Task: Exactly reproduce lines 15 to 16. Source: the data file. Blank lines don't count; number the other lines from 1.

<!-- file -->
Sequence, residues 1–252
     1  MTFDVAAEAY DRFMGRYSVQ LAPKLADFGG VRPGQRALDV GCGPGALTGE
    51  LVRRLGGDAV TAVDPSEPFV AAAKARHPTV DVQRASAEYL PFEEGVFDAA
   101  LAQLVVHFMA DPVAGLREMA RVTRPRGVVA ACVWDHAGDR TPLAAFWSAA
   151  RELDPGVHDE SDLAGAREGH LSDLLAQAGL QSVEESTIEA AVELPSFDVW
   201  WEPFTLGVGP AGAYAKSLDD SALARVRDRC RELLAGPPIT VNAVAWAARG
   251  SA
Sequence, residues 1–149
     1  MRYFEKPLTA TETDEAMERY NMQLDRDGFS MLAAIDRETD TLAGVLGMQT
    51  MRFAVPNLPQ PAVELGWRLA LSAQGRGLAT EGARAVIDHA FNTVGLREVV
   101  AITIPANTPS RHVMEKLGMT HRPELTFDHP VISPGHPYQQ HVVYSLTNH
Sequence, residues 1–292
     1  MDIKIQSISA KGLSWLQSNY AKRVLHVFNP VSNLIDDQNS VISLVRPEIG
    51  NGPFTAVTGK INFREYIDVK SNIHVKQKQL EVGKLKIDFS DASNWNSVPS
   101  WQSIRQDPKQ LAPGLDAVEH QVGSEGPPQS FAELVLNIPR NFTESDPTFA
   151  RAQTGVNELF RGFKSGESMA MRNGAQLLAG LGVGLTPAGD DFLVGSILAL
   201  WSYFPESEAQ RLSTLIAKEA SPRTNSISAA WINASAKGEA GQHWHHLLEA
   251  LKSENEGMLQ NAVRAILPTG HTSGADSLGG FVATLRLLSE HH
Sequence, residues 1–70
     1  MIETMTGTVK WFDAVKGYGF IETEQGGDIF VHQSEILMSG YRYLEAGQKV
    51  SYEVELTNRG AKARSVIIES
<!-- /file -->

   101  WQSIRQDPKQ LAPGLDAVEH QVGSEGPPQS FAELVLNIPR NFTESDPTFA
   151  RAQTGVNELF RGFKSGESMA MRNGAQLLAG LGVGLTPAGD DFLVGSILAL